On June 15 this year the Azanian Students Organisation will celebrate its birth 25 years ago as a forerunner to the current leading student organisation SASCO. City Press looks at how the student movement contributed to the struggle against apartheid and what challenges it now faces after the first decade of democracy.
Two notable student political organizations under apartheid were the South African Students' Organisation (SASO) and the Azanian Students Organisation later called SA National Students Congress (SANSCO) in line with its ideological leaning towards the congress movement led by the ANC.
Scores of today's prominent political, civic, educational and business leaders, and intellectuals and professionals cut their political teeth in SASO and AZASO/SANSCO and are its outstanding graduates.
SASO, formed in 1968, gave birth to the Black Consciousness (BC) movement in South Africa. It was the key actor within the BC movement, revitalised black opposition politics and helped ignite the Soweto uprising before it was banned in 1977. AZASO, established in 1979, was an important component of the broad non-racial mass democratic movement of the 1980s.
SASO and AZASO/SANSCO were revolutionary, national, black higher education student organisations whose activities encompassed both education and politics. Their concerns were with student rights and the democratisation and transformation of educational institutions, as well as with human and political rights, and national liberation and social transformation in South Africa.
SASO, established by Steve Biko, Barney Pityana and other black student leaders of the time was born out of an impatience with multiracial liberal politics that marginalised blacks. SASO sought black self-reliance, and, blacks doing ‘things for themselves and all by themselves' as Biko, SASO's first president, put it.
SASO was determined to break the influence of white liberals on black political thinking. Biko observed that while one sector of whites ‘kicked the black', another sector of whites (liberals) ‘tutored blacks ‘how best to respond to the kick'. For Biko, it was the black person's ‘right and duty to respond to the kick in the way he sees fit'.
SASO was vital in developing BC, whose key themes were ‘a liberation from psychological oppression, the building of a new awareness, the establishment of a new basic dignity, the framing of a new attitude of mind, a rediscovery of the history of the people, and a cultural revival'.
Its important contributions were to reject the term ‘non-white' and to positively identify Africans, Indians and Coloureds as ‘black'; to draw attention to the common experience of racial oppression by blacks, and to forge solidarity between, and united action by, all oppressed groups.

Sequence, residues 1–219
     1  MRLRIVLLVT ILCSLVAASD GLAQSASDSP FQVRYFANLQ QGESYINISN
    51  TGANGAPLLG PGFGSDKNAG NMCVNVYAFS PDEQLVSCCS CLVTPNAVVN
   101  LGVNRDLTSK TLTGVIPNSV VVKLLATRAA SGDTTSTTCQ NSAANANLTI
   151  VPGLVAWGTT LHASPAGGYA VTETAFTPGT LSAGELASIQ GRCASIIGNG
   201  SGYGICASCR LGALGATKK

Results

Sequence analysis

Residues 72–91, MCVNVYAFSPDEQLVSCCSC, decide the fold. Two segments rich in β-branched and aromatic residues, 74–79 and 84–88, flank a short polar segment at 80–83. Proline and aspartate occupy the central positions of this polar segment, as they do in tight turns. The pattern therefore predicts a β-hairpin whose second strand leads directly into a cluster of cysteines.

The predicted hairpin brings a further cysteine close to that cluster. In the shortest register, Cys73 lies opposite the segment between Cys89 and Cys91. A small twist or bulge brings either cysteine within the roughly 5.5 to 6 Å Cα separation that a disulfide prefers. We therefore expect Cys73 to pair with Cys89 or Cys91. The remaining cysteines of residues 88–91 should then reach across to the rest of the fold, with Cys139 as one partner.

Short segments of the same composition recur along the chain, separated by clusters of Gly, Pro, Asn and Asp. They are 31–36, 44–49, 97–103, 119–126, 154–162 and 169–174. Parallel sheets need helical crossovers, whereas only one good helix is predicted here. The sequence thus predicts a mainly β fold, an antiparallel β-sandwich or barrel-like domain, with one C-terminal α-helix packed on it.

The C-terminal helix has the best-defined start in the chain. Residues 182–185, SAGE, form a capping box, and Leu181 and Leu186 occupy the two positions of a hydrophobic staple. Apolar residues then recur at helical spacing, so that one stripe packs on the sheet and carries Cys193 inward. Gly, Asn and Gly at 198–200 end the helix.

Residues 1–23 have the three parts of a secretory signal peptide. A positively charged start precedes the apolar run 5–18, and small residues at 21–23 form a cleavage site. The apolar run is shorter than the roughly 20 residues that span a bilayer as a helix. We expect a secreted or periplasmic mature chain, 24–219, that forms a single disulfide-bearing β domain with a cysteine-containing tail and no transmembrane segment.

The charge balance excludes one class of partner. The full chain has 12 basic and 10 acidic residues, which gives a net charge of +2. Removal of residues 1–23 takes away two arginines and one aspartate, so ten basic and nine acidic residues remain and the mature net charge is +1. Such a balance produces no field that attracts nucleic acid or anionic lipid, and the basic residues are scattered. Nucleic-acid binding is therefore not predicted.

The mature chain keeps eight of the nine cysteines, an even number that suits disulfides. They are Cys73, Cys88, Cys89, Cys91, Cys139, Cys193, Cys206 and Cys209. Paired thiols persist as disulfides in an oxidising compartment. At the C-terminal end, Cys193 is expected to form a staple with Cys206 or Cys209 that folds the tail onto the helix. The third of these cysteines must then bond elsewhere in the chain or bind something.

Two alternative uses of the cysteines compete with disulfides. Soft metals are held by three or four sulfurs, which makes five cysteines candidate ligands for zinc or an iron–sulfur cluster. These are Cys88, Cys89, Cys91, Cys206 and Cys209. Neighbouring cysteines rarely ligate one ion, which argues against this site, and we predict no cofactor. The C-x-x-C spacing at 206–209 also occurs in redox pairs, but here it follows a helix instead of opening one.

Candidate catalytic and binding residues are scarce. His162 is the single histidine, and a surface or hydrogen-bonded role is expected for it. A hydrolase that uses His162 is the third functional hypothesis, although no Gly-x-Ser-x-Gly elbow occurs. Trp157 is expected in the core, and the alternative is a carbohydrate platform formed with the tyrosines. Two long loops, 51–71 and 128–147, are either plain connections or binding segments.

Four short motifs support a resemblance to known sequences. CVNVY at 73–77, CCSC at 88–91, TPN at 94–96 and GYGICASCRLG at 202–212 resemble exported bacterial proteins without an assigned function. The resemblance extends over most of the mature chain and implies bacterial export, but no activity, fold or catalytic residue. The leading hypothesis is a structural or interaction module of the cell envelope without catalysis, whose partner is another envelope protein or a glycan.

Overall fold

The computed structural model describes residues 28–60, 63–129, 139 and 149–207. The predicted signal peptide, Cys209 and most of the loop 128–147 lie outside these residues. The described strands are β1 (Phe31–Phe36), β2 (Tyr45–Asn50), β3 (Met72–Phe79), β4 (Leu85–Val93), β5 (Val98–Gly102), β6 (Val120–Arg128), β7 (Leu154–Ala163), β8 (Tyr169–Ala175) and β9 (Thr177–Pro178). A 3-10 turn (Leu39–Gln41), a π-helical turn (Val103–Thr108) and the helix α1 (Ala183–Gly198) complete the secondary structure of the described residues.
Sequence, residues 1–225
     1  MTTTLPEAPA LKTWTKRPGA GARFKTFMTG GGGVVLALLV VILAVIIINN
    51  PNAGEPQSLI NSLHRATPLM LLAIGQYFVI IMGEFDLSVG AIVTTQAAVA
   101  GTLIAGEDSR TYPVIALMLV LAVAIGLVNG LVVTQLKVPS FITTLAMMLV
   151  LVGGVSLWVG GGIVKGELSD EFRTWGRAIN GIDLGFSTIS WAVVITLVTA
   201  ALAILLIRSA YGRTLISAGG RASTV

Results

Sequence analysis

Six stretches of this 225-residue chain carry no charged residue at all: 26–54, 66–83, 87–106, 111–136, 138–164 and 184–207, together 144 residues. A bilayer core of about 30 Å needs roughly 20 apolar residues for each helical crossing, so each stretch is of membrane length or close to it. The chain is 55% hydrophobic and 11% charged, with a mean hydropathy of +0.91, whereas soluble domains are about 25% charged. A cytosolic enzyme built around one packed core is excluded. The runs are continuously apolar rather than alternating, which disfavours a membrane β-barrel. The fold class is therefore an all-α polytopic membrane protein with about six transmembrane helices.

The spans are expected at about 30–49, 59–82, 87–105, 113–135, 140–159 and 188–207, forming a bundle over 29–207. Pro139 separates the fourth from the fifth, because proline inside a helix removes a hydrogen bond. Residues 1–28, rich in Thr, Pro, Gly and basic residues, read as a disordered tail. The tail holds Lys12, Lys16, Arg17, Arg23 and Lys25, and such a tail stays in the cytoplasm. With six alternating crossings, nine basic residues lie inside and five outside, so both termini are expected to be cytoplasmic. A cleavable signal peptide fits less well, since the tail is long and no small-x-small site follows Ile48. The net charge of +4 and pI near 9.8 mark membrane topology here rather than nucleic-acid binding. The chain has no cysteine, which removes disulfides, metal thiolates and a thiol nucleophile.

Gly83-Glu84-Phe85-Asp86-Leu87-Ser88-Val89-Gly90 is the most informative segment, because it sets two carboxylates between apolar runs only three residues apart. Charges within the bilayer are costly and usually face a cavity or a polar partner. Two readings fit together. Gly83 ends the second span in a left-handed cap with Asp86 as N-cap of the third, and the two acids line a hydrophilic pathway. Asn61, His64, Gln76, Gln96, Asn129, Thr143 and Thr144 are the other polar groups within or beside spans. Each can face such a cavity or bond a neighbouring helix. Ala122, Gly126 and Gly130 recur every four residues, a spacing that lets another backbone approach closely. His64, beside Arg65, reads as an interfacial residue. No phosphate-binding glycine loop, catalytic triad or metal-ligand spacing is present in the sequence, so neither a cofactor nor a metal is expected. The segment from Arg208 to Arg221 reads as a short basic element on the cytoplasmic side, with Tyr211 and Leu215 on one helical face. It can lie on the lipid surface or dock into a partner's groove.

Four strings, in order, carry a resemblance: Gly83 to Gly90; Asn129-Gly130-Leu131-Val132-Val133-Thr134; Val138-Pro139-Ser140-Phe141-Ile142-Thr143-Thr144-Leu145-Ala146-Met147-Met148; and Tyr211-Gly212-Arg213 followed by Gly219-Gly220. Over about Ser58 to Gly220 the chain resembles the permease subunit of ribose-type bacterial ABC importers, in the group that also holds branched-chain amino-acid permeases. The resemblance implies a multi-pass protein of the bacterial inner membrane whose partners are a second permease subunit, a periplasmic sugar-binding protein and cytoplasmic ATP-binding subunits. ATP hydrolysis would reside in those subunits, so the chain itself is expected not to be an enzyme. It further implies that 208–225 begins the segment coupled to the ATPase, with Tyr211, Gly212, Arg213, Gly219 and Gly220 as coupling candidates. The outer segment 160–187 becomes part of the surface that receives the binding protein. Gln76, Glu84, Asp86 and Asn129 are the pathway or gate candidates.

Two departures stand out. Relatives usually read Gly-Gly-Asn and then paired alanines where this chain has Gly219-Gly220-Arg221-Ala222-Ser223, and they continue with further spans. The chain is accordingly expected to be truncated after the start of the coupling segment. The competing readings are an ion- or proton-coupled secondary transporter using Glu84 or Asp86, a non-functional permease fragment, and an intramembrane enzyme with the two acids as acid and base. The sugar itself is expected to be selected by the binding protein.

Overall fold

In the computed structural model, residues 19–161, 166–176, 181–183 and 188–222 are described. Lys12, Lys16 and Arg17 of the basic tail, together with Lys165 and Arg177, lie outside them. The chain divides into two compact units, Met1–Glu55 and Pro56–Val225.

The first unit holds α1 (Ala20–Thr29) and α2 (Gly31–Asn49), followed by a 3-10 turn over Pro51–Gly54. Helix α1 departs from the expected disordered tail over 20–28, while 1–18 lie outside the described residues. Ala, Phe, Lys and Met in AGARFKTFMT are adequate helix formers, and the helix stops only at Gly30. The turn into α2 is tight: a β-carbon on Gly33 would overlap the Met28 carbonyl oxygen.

SASO was not anti-white. It accepted that South Africa was ‘a country in which both black and white live and shall continue to live together'. Biko's goal was a ‘completely non-racial society'.
SASO provided black students with a political home and avenue for activity outside of the political parties involved in separate development institutions. Many got involved in radical politics through SASO. Masterpiece Gumede notes: ‘When we came to Ngoye we were immediately grabbed by SASO. I only got into politics through the student movement at university'. Terror Lekota recalls that SASO was an elementary school of politics.
According to Pityana, SASO provided ‘experience of leadership, planning, strategising and mobilising'. Mamphela Ramphele adds that there was ‘success in empowering activists in its ranks at all levels. Most of these individuals attained total psychological liberation and realised the meaning of being active agents in history'
SASO played a key role in launching the Black People's Convention, supported the Black Community Programmes and promoted Black Theology. It encouraged youth and cultural organisations and black cultural production, and provided platforms for art exhibitions, poetry reading, drama and music festivals, and exposure for emerging black artists. SASO publications carried articles on politics, culture and black poetry.
SASO activities spread ideas and a mood that aroused anger, hope and resistance among students. University student boycotts in 1972 and pro-FRELIMO rallies in 1974 led to political awakening and organisation among school students and youth. SASO was one of the catalysts of the Soweto uprising. The subsequent flow of students and youth into exile gave, says Mongane Wally Serote, ‘to the ANC oxygen and new life, which the movement desperately needed - youth of the South African people, tempered in defiance in action'.